In our content creation guide, you learned that your blog content is the defining factor that will make or break your blog. You learned what it takes to create amazing content, as well as the types of content you can create for your audience. But your content will never help you succeed in blogging if no one ever sees it.
This is why you need to learn online marketing strategies to help you market your blog as a whole, as well as each piece of content you create. This is called content marketing. Your content marketing skills will determine how much traffic comes to your website, how many social shares you receive, how many comments are made on your posts and how many subscribers you gain.
Ultimately, the goal is to have as many visitors as possible when you start to monetize your blog. Visitors who you can convert into advertising clicks, affiliate referrals and product/service buyers—depending on your monetization strategy, which will discuss in our blog monetization guide.
Until then, let's look at the many ways you can promote your blog and your content.
Before you start promoting your blog, you will want to make sure it's ready.
This step is checking everything you have done from your start, from setting up your blog to creating your pages and posts.
At the start, you will have three main goals for promoting your blog.
Think of these goals in everything you do while promoting your blog. Your goals are to get exposure for the blog, establish yourself as an authority and engage with your niche audience.
At the start, you will have three main goals for promoting your blog.
Everyone who comes in contact with you should know that you have a blog. Some good ways to ensure this include the following.
Attend networking events? Be sure to have a quick elevator pitch about your blog when they ask you what you do. If you're at a blogging conference in particular, it's highly acceptable to let people know that you founded yourdomain.com, a blog that helps people learn more about your subject matter. Even if you have a day job that you need to promote, your elevator pitch would be that you are a [your job title], and you also run yourdomain.com, a blog that helps people learn more about your subject matter.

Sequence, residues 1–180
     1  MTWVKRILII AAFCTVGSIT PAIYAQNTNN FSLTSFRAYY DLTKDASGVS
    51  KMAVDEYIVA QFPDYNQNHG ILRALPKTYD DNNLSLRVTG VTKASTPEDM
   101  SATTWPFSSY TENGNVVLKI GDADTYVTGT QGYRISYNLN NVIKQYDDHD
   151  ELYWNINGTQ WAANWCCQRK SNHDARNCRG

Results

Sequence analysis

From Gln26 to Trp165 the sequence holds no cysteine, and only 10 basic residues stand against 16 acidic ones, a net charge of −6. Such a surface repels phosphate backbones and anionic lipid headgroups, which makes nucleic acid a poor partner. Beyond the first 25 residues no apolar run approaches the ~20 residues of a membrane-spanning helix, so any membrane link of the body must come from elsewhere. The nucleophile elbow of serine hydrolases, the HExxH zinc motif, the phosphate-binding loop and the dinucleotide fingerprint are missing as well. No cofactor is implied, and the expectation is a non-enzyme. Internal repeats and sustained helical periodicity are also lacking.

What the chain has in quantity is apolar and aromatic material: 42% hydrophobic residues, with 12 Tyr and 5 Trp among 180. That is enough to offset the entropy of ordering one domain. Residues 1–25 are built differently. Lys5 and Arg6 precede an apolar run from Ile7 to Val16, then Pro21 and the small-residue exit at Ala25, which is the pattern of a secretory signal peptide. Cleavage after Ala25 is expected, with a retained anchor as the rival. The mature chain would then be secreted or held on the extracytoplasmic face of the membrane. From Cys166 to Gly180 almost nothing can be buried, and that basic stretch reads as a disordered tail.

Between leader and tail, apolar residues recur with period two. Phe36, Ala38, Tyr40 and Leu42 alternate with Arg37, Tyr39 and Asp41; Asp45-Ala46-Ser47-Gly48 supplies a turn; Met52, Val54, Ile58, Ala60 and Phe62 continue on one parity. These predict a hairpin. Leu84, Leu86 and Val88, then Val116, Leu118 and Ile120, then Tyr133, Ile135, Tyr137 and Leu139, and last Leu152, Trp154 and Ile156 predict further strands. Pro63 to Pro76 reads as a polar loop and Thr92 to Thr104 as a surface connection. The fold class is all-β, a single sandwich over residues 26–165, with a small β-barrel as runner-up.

We suggest to use a plugin called Yoast SEO. One of the features of this plugin allows you to create a custom sitemap for your blog. You can use this sitemap to submit your blog to search engines through Google Webmaster Tools (for Google) and Bing Webmaster Tools (for Bing and Yahoo).
Utilize niche social bookmarking sites
As well as the popular social bookmarking sites, there are a lot of hyper relevant niche bookmarking sites you can use
Try these for starters:
While there are hundreds of directories that will list your blog for a specific yearly or permanent fee listing, only a handful should be considered in terms of quality. These include DMOZ (free, but hard to get into), Best of the Web Blogs ($150 for submission), and EatonWeb Blog Directory ($35 for submission). Some of these directories offer free listings as well, but you will be waiting a very, very long time to see yours get added, assuming they add it at all.
Commenting on other relevant blogs is a great way to build relationships with top bloggers within your niche. Research the web to find top blogs in your niche and start commenting on their newest posts. This will help you make them and their readers aware of your existence as well as developing your own authority within the niche.
Matt Cutts, Google's head of webspam, has denounced guest blogging as a tactic for SEO. With that said, it's still a great way to get exposure within your niche so long as you are submitting quality content to quality blogs. Find blogs that have lots of social shares and community engagement as judged by the number of comments per post and social followers. Get to know the blog owners and/or editors, establish a relationship with them, and then approach them to see if they are accepting new contributors on their website.
The key is to say new contributors as opposed to guest bloggers - "contributors" tells the blog owner/editor that you are committed to creating high quality content for them as opposed to just slapping something together to promote yourself.
Feedburner is a service owned by Google that allows you to track the number of subscribers to your RSS feed. Use it to offer your blog visitors a way to subscribe to your blog in their favorite RSS reader such as Feedly.
Regularly creating valuable content on your blog is one way to get search engines to index your content. If you want blog and your posts to rank for particular keywords, you will want to always strive to optimize both for search. This can be as simple as using the fields provided by Yoast SEO to add a keyword optimized SEO title and meta description to your blog's homepage, main static pages, and each one of your posts.